[CrossRef] [PubMed]

W. Petroll, H. Cavanagh, J. Jester, “Three-dimensional imaging of corneal cells using in vivo confocal microscopy,” J. Microsc. 170, 213–219 (1993).
[CrossRef] [PubMed]

1990

W. Cheong, S. Prahl, A. Welch, “A review of the optical properties of biological tissue,” IEEE J. Quantum Electron. 26, 2166–2185 (1990).
[CrossRef]

Anderson, R.

M. Rajadhyaksha, M. Grossman, D. Esterwitz, R. Webb, R. Anderson, “In vivo confocal scanning laser microscope of human skin: melanin provides strong contrast,” J. Invest. Dermatol. 104, 946–952 (1995).
[CrossRef] [PubMed]

I. Vitkin, J. Woolsey, B. Wilson, R. Anderson, “Optical and thermal characterization of natural (sepia oficinalis) melanin,” Photochem. Photobiol. 59, 455–462 (1994).
[CrossRef] [PubMed]

Cavanagh, H.

W. Petroll, H. Cavanagh, J. Jester, “Three-dimensional imaging of corneal cells using in vivo confocal microscopy,” J. Microsc. 170, 213–219 (1993).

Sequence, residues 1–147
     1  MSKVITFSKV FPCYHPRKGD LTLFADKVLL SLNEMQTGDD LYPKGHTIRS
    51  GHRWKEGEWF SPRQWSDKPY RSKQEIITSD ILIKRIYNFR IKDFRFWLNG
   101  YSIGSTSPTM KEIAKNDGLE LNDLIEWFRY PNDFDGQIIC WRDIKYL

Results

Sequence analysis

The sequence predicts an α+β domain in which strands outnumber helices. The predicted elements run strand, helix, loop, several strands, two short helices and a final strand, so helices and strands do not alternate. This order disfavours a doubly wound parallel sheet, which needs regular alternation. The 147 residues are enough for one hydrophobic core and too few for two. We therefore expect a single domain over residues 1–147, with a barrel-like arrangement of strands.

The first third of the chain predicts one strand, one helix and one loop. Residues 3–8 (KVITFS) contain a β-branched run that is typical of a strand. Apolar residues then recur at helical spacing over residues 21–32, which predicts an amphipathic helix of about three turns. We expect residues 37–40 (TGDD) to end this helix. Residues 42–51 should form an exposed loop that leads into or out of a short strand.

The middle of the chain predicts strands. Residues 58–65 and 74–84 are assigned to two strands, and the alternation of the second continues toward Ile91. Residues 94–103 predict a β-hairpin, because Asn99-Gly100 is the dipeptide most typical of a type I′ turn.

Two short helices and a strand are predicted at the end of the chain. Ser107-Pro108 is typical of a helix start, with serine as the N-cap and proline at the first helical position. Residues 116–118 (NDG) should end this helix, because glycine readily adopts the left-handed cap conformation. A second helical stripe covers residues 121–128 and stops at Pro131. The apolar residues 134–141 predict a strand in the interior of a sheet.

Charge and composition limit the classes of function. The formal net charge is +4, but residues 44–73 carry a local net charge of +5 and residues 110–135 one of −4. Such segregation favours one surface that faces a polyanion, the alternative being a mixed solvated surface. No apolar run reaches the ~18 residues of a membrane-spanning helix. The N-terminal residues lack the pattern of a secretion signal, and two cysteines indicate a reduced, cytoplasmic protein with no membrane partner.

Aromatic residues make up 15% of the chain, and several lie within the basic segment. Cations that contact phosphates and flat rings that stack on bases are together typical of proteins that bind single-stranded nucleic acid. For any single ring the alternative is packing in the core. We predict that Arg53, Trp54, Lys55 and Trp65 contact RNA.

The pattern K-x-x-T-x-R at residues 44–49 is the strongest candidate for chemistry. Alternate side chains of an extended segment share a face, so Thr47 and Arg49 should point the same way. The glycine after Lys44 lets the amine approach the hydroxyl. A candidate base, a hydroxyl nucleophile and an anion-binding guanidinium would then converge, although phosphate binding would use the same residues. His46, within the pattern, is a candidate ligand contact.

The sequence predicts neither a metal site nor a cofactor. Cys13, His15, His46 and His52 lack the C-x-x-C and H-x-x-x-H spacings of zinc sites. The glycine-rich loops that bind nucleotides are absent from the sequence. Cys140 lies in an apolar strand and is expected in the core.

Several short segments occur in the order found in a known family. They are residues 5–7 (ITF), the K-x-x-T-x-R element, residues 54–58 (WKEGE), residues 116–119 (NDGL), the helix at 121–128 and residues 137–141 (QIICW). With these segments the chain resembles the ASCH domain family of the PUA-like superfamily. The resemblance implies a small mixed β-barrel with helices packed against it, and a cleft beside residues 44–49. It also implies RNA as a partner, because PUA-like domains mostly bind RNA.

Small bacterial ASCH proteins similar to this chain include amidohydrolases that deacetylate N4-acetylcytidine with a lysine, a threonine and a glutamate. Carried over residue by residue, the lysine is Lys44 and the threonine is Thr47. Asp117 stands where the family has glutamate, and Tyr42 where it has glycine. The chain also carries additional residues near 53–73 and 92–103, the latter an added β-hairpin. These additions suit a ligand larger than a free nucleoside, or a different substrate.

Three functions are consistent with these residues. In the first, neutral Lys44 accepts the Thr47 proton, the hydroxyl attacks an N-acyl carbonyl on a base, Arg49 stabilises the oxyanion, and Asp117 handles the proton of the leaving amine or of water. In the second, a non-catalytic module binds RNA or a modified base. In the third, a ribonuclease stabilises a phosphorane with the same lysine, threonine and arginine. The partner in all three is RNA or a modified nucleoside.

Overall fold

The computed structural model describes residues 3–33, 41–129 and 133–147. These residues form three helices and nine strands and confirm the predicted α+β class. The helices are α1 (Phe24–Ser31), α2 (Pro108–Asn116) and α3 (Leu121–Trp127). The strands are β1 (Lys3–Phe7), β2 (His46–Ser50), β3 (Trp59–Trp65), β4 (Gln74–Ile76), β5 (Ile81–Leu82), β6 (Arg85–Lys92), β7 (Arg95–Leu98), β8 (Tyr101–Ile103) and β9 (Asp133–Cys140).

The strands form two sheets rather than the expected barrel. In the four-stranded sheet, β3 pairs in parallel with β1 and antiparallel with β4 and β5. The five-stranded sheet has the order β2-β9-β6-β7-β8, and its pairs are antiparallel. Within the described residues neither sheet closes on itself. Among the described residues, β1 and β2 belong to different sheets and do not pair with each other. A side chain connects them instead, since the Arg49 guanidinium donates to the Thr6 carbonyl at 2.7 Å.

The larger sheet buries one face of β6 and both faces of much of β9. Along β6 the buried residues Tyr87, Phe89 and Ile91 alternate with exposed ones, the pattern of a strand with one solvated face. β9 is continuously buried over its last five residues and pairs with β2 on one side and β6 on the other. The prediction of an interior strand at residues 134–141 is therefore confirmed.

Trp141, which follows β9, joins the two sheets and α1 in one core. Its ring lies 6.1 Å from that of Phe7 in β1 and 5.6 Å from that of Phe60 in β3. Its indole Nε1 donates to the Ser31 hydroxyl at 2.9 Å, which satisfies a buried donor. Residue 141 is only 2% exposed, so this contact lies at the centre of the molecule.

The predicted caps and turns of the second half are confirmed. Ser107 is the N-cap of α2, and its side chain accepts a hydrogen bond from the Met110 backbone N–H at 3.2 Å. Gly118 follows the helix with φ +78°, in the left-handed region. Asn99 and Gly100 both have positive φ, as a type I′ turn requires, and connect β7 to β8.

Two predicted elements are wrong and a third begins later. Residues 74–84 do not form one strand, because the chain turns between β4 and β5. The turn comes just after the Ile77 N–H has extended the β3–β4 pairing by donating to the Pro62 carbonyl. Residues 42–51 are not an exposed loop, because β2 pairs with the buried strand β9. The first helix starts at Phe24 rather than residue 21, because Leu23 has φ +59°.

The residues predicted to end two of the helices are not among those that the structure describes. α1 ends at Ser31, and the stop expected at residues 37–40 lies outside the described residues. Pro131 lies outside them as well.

[CrossRef] [PubMed]

Cheong, W.

W. Cheong, S. Prahl, A. Welch, “A review of the optical properties of biological tissue,” IEEE J. Quantum Electron. 26, 2166–2185 (1990).
[CrossRef]

Durkin, A.

Eckhaus, M.

J. Schmitt, A. Knuttel, M. Yadlowski, M. Eckhaus, “Optical-coherence tomography of a dense tissue: statistics of attenuation and backscattering,” Phys. Med. Biol.1705–1720 (1994).
[CrossRef] [PubMed]

Esterwitz, D.

M. Rajadhyaksha, M. Grossman, D. Esterwitz, R. Webb, R. Anderson, “In vivo confocal scanning laser microscope of human skin: melanin provides strong contrast,” J. Invest. Dermatol. 104, 946–952 (1995).